The main issue in most personal injury cases is whether someone else’s negligence caused the accident that led to your injuries. However, many people don’t always understand what negligence is. If you’ve suffered an injury and are wondering whether you should pursue a case, it’s important to understand this concept. A Billings personal injury attorney can review your case and determine whether you may be entitled to compensation.
Generally speaking, negligence occurs when someone fails to take reasonable care to avoid causing foreseeable injuries to others. This is typically judged according to what steps an ordinarily prudent person would take under the same or similar circumstances in order to prevent an accident or injury to others. The challenge arises in determining what would be considered “reasonable” or how an ordinarily prudent person would act. While the definition of negligence may appear simple, the reality is that it can be difficult to determine whether negligence occurred in any given accident.
The facts of your case will be critical. A seemingly insignificant fact can prove that the other party was negligent and that their negligence caused the accident. A skilled Billings personal injury attorney will be able to use their experience and knowledge of the law to identify the important facts in your case that will determine whether you have a claim.
Negligence is Unintentional
It may help further clarify what negligence is by explaining what it is not. When someone is negligent, we generally mean that they did not intend to cause the accident or your injury. They may have intentionally engaged in the behavior that led to the accident, but they did not specifically intend to cause any harm. Some examples may be helpful:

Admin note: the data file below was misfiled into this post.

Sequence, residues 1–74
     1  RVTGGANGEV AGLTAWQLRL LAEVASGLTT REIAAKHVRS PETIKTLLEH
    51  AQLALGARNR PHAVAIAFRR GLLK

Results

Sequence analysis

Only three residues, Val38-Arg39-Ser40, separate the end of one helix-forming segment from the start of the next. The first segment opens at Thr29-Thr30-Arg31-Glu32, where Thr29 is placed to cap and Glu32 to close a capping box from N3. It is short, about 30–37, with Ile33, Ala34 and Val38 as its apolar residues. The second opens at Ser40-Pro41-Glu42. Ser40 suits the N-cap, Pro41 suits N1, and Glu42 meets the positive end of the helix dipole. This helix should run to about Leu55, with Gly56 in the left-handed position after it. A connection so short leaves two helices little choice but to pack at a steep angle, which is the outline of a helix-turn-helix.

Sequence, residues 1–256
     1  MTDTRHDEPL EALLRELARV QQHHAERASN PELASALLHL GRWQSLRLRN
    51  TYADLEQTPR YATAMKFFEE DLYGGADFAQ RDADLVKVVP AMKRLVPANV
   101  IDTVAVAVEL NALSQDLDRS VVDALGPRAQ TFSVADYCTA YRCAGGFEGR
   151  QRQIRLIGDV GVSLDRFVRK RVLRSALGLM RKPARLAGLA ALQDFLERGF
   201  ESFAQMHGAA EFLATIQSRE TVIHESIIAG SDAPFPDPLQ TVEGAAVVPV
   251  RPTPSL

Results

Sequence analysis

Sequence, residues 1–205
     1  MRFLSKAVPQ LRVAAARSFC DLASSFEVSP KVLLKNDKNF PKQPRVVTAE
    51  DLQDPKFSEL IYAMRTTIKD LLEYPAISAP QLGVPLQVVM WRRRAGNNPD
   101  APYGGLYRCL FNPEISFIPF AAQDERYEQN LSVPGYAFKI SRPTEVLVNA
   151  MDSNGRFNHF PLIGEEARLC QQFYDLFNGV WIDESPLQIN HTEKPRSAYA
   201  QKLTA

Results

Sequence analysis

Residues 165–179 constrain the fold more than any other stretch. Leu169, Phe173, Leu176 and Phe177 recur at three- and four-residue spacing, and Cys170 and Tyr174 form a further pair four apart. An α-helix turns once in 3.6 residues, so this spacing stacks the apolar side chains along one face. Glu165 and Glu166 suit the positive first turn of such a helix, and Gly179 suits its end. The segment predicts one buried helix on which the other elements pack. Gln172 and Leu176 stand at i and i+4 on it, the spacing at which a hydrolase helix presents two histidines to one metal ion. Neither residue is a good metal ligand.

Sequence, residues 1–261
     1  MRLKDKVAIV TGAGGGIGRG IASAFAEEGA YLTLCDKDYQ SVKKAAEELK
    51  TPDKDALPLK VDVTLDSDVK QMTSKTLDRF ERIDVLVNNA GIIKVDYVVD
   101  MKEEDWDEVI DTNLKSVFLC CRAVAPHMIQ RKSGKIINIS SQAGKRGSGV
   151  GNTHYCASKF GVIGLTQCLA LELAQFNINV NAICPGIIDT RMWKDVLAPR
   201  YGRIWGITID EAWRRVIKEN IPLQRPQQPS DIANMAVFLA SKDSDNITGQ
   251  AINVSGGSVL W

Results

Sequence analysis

- A driver is speeding to make it to work on time and gets into an accident when they cannot stop to avoid an accident.
- A store owner fails to repair broken flooring, and a customer trips and falls.
- A daycare owner fails to properly supervise the children and one of them is injured.
- A nursing home does not provide adequate staffing and the residents do not receive necessary care.
- A doctor does not carefully review a patient’s medical records and prescribes a medication that reacts negatively with another medication they are already taking.
Of course, you would still have a claim if the other party intended to hurt you, but it would not be a negligence claim.
How to Prove Negligence
Proving negligence can be more complicated than it appears. In addition to the specific facts of your case, it will also depend on the nature of your case. For example, proving negligence in a medical malpractice case is very different from proving negligence in a car accident case. No matter what type of case you have, you should consider at least speaking with a Billings personal injury attorney to understand what you may be facing.
Injured? Contact a Billings Personal Injury Attorney Today
Billings personal injury attorney has spent decades helping injured people get the compensation they need to rebuild their lives. If you’ve been injured and don’t know where to turn, he can help – schedule a free consultation by calling 406-651-8888 or completing our online contact form to discuss your case today.